By the book, library edition

Each Sunday, The New York Times Book Review has a column, By the Book, in which famous authors are interviewed about their reading habits, past and present. The chosen authors are asked a variety of questions, which can differ from week to week, and include ones about what is on their nightstand, what would they recommend, what’s overrated, couldn’t get finished, or which famous authors you would have to dinner if you could pick three. Every now and again, they pose my favorites: “what kind of reader were you as a child?” and “what were your favorite childhood books/authors?”

Their responses never cease to amaze me. Most of the time I don’t really believe what they say. I think there is a real disconnect between what they probably actually read and what they report to the public they read. It’s no surprise when they offer up “Winnie the Pooh”“Charlotte’s Web”, Madeleine L’Engle’s “A Wrinkle in Time” and other award-winning authors and books, but it’s a rare author who owns up to loving children’s fare at the opposite end of the spectrum (did no one read comic books or Big Little Books?), though Nancy Drew does make the cut.

Occasionally they will mention reading more adult fare: Dumas, Conrad, Poe, Fitzgerald. I do have to question the one who waxed poetic about discovering the Russian authors at around age 10, falling in love with “Anna Karenina”. Really? We’re talking about 4th grade here. I too, was an avid reader, but at that age was reading Lloyd Alexander, Edward Eager, and Elizabeth Enright, Freddy the Detective, and Mrs. Piggle Wiggle. But I guess that’s why they ended up as famous writers and I’m just a librarian.

What would I say if someone were to ask me what my favorite childhood book was? What criteria could I use to winnow the list to just a handful and then, ultimately, just one? How could I choose?

For me, liking a book or not, doesn’t always have to do with the writing or the plot even, but more about the moment or the manner in which it was discovered. Finding a book no one you know has ever read or one you never knew existed until that second looms large as a background theme on my list of favorites. It’s just as much about the discovery of the book as it is about the content of the book itself. When I put all of this together, my favorite book is an obvious choice.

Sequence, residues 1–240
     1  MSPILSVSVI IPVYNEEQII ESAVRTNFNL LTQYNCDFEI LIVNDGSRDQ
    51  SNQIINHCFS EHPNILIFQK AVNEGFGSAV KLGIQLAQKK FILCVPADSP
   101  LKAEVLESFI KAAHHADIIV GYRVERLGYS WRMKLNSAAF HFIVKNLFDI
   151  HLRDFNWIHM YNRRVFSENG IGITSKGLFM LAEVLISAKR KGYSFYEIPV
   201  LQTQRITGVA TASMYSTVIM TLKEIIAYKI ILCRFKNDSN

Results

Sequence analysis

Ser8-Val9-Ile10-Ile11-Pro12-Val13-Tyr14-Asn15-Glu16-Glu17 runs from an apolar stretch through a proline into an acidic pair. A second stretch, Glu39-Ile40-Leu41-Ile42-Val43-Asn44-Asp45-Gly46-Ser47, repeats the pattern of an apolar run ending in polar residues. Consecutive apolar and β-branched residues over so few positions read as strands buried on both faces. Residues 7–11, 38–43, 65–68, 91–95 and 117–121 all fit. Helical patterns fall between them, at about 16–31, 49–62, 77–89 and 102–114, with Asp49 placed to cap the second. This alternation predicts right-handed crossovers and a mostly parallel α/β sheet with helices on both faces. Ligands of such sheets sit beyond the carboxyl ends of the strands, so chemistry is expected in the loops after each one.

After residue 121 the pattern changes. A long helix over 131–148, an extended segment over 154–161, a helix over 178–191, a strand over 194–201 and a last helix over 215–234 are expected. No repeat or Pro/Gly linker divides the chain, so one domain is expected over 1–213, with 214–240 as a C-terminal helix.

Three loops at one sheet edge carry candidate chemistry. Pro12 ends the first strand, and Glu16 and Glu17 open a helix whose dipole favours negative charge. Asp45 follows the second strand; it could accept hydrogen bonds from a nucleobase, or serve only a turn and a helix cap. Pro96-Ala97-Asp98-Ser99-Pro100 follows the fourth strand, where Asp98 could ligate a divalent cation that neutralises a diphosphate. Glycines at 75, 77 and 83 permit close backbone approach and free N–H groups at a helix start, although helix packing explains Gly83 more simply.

My grandparents lived in the end house of a long row of classic Baltimore brick rowhouses on a street lined with ancient sycamore trees. From the sunny, light-filled third floor attic to the dark and mysterious cellar, it was chock-full of wonderfully weird and odd trinkets because my grandfather was an avid antique collector and dealer.

The best stuff was in the cellar. Pulling on a string that was attached to a chain hanging from the socket in the middle of the ceiling turned on the rather dim light bulb that would then light the way down the ladder-like stairs. Once at the bottom, a vast array of miscellaneous collections were in view on the rows of neat shelves filling the space: baby food jars filled with nails and screws of every shape and size, jars of marbles, antique tools and gadgets, stone crocks, old bottles and tins, and books. Lots and lots of books. Some arranged on shelves, others packed loosely in boxes.

Being a nosy child, I routinely and methodically worked my way through these stacks, checking to see if there was anything of interest. Mind you, these were not pretty books.  Often they were old, smelly and crumbly, by authors no one had heard of, missing dust jackets so you couldn’t figure out what they were about. And one day there was this one little blue book, squashed in amongst the dull green and brown ones, that caught my eye. I liked its smallness.  Embossed on its cover was a doll. A little wooden doll, for that was the name of the book, “The Little Wooden Doll” by Margery Williams Bianco. Its thick pages were yellowed with age, the edges uneven, illustrated with full color plates and black and white line drawings. I plopped right down on the dusty floor, hidden by the tall shelves and settled down to read, immediately engrossed with my find, not stopping until I was finished. I knew at that moment I needed to keep this magical little book. Forever. I’m sure my grandfather would have given it to me had I asked but I didn’t want to risk it. So I stole it! Raced up two flights of stairs and hid it in my little1960s flowered overnight bag and took it home.

I still have this little gem, which has pride of place on my current shelves. Whenever I hold it, the memories of that time and place wash over me in ways that no other book does.

So now you know my favorite book.  What’s yours?

Photo courtesy of the author.

Blog post by Gayle Stratton.

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